« Reply #5 on: May 16, 2007, 12:45:19 PM »
Alexandra Vinao : Son Entero

Interesting. Care to elaborate? (I've never heard of this composer.)

Maciek

Offline Maciek

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Re: 'Difficult' Mid 20th c. Composers - Where to Begin?
« Reply #6 on: May 16, 2007, 12:59:02 PM »
Thanks. 8)

Greta

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Re: 'Difficult' Mid 20th c. Composers - Where to Begin?
« Reply #7 on: May 16, 2007, 01:11:42 PM »

I've started several threads on particular Polish post-1945 composers - and have listed those threads (along with the composers' birth dates) in the first post of this thread. I think Lutosławski would fit your list nicely. And maybe Penderecki...

Maciek

I adore Lutoslawski!! Really, he was amazing. Penderecki is great too. Yeah, I see them as a bit more 'accessible' than the ones I named. ;D Definitely Szymanski and Szymanoski (I always get them confused, don't know if that's spelled right!) are on my list...do they also fall under the sort of more accessible crowd?

And I completely forgot Birtwhistle! Knew that list didn't look right. ;) And Tippett, I've been meaning to hear A Child of Our Time for ages...

I'm pretty open to anything really. I'm at that listening point where I'm just trying various things to see what sticks!

Offline Maciek

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Re: 'Difficult' Mid 20th c. Composers - Where to Begin?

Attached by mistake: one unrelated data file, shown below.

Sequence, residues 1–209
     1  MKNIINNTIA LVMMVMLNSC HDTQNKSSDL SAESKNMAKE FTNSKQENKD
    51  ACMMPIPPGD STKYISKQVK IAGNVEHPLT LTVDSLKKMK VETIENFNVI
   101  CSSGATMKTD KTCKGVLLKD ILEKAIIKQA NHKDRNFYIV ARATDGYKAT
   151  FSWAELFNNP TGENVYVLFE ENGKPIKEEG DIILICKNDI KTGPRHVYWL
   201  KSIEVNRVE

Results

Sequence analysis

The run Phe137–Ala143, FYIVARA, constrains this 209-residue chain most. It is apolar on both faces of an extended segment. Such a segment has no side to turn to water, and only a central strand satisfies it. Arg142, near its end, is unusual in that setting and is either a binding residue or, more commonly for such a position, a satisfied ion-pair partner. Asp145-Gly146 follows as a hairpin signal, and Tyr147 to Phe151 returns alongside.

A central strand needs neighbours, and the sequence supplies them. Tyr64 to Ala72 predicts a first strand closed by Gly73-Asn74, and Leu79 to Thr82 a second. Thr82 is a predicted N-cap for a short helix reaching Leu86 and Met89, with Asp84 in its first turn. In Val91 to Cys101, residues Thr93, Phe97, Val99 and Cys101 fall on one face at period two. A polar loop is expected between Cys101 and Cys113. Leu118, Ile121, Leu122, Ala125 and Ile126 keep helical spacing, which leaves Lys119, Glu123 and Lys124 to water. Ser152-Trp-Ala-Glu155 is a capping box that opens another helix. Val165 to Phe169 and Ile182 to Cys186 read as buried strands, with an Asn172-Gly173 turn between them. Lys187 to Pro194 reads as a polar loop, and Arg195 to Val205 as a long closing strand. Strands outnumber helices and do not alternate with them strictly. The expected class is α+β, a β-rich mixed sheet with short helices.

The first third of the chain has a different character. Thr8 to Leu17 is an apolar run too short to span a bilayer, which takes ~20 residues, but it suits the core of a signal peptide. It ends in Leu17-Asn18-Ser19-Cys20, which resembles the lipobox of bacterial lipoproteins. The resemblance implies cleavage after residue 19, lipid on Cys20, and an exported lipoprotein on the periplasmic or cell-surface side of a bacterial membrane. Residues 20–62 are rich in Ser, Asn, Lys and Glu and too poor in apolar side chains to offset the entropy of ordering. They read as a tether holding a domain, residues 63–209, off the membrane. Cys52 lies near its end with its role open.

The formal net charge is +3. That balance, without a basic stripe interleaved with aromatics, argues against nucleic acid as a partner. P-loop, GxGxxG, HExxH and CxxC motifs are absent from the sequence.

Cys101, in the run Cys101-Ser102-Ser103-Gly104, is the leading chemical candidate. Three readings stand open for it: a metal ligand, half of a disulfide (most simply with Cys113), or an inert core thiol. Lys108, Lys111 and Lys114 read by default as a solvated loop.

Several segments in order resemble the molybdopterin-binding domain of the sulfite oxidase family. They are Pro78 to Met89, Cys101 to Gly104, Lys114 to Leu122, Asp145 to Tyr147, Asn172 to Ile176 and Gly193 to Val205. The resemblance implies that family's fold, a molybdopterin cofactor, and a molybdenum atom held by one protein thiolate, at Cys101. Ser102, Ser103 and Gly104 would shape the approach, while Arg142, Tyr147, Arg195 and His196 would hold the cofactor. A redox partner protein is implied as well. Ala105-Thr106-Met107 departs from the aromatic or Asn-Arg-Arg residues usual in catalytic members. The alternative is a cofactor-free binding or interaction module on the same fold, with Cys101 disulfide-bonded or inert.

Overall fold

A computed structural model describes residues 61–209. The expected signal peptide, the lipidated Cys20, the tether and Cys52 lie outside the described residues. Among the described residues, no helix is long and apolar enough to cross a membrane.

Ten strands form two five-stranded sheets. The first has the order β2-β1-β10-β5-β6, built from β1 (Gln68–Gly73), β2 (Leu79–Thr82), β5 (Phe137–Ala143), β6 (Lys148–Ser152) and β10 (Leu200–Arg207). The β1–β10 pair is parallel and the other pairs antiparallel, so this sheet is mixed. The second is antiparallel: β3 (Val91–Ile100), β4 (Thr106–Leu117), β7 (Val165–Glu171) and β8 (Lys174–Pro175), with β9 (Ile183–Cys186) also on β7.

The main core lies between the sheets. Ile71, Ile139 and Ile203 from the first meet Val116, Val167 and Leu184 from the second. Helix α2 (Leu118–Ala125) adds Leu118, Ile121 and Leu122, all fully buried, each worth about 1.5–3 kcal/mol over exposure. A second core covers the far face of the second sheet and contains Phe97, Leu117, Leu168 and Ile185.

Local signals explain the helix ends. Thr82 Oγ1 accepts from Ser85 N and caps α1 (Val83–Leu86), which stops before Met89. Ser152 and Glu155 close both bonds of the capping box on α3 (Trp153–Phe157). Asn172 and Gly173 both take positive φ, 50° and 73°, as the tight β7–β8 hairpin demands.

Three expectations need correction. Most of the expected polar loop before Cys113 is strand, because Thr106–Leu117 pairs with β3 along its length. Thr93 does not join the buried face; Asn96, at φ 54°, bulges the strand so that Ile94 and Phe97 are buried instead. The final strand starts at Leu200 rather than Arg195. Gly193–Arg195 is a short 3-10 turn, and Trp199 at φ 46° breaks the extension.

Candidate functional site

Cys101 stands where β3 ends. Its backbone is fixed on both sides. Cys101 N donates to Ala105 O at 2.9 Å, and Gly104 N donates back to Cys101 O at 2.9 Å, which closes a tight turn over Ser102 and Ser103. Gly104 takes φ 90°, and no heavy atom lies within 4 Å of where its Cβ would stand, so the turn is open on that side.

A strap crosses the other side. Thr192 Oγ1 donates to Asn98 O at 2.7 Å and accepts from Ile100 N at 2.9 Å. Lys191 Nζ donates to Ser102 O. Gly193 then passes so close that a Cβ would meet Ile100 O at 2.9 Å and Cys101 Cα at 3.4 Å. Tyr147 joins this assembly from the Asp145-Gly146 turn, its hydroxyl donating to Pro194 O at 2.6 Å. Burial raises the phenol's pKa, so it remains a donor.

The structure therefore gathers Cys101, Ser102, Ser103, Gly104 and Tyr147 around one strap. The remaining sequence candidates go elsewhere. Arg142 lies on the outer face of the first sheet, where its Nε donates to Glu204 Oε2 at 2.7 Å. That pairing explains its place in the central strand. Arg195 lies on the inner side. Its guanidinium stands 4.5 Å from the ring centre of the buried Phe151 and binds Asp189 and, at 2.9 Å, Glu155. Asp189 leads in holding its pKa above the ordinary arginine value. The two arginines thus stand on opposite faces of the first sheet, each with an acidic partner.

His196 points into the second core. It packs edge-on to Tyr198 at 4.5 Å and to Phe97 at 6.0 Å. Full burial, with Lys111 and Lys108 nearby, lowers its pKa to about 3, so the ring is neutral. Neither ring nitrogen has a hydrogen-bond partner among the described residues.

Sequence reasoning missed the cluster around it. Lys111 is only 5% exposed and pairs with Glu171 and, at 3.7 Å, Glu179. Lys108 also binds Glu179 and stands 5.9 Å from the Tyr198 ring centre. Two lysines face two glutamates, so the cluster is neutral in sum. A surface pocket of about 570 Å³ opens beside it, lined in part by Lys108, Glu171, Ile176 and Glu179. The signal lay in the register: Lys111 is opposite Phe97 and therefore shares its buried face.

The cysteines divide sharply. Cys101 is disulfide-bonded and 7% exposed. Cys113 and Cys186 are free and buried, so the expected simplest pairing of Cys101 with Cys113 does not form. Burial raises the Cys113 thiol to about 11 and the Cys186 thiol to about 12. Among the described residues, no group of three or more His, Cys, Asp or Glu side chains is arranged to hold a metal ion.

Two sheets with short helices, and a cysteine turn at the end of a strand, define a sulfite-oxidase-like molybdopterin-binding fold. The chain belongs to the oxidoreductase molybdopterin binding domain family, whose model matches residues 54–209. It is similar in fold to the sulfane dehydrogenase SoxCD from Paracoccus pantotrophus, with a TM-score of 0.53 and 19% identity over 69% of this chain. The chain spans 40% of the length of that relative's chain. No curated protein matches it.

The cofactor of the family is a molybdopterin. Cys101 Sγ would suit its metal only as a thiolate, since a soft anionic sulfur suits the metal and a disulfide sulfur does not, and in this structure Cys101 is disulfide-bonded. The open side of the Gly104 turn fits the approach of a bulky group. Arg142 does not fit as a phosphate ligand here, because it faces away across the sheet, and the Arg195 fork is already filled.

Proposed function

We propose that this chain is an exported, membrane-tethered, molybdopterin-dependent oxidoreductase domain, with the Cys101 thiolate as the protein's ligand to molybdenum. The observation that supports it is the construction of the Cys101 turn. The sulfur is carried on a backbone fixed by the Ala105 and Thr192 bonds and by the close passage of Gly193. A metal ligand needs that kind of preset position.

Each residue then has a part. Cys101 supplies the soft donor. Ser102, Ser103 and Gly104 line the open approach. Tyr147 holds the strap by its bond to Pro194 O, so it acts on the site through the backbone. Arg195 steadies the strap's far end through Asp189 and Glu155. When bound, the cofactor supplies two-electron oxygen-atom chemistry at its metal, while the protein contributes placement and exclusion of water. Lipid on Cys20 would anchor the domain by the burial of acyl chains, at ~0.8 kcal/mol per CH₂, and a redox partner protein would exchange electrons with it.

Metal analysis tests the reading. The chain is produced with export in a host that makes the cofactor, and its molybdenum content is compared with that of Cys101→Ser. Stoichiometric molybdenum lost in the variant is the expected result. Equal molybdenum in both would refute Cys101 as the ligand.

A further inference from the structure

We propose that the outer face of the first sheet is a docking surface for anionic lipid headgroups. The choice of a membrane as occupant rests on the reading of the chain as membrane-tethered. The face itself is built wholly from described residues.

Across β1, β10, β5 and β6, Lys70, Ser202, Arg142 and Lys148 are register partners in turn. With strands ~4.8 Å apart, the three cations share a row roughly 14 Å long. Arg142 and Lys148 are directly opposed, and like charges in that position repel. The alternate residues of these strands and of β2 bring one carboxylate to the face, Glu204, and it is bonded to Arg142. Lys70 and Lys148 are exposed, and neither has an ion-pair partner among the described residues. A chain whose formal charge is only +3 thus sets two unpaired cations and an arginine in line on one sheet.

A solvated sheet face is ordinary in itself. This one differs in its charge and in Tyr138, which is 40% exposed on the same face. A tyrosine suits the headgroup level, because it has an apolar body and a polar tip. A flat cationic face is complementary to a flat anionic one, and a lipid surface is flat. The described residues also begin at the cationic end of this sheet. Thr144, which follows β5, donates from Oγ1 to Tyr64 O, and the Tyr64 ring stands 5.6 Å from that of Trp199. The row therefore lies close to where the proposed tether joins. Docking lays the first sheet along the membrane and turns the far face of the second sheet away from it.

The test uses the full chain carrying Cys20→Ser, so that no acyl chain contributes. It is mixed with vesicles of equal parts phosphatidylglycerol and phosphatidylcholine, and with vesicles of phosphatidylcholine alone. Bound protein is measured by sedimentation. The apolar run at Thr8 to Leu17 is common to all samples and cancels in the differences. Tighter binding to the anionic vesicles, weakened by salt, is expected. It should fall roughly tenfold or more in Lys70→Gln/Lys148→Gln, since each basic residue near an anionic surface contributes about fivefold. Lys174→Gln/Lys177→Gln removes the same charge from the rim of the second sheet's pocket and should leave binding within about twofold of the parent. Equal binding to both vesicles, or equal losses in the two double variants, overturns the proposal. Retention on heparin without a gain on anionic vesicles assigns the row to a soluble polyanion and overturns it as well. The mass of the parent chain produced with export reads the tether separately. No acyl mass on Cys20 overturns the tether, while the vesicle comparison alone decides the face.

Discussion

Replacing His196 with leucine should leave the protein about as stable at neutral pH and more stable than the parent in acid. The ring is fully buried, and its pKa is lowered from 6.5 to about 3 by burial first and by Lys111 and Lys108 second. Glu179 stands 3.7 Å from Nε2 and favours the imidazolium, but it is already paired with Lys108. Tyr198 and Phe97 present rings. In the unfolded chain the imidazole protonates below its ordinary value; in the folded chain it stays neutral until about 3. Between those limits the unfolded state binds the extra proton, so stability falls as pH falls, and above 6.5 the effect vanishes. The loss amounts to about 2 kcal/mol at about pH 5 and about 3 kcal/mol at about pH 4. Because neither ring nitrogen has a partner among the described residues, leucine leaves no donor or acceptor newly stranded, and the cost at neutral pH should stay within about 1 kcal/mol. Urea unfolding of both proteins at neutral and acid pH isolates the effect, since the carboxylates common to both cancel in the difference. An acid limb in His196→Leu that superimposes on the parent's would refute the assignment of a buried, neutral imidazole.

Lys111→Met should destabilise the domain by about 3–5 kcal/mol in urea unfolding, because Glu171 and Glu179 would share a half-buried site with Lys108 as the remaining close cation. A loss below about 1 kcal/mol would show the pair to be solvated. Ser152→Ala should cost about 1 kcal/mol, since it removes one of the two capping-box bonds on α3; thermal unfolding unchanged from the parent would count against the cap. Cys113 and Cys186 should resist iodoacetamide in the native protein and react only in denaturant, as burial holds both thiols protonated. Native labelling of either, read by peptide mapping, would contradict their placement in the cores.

« Reply #8 on: May 16, 2007, 01:29:10 PM »
I adore Lutoslawski!! Really, he was amazing. Penderecki is great too. Yeah, I see them as a bit more 'accessible' than the ones I named. ;D

That's probably always the case before you get to know a composer better. ;)

Quote
Definitely Szymanski and Szymanowski (I always get them confused, don't know if that's spelled right!) are on my list...do they also fall under the sort of more accessible crowd?

Well, definitely not part of a crowd ;) but I'd say they're quite accessible. Szymanowski is of a completely different time (died in 1937). Szymanski is always using a sort of decontextualized tonal system, so in a way he's very accessible (his music almost always sounds familiar in an uncanny way). I think all of those composers I listed in the Polish post-1945 thread are quite accessible, maybe Meyer and Bloch less so but only very slightly. But then, I'd call many (perhaps most :o) of the composers on your list quite accessible, so maybe you shouldn't take my word for it... ;D

Happy exploring! I'm sure it will be.

Cheers,
Maciek

Offline Cato

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Re: 'Difficult' Mid 20th c. Composers - Where to Begin?
« Reply #9 on: May 16, 2007, 01:38:01 PM »
Dudes!  Dudettes!   8)  Something is terribly wrong here!!!

You have all failed so far to mention the one composer who is "difficult," yet is one of the greatest ear-stretching, soul-smashing, take-no-prisoners composers of the 20th century!!!

Karl Amadeus Hartmann!!!

Start with the First Symphony, and if you survive, continue your journey, grasshopper!!!    0:)


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gomro

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Re: 'Difficult' Mid 20th c. Composers - Where to Begin?
« Reply #10 on: May 16, 2007, 04:53:12 PM »
Don't know all these guys and gals. Some I do:

Karlheinz Stockhausen - Mantra; Michaels Reise; Tierkreis; Refrain; Kontakte; Gruppen; Oktophonie; Lichter-Wasser; Inori (probably my favorite Stockhausen piece for orchestra); Trans. And many others...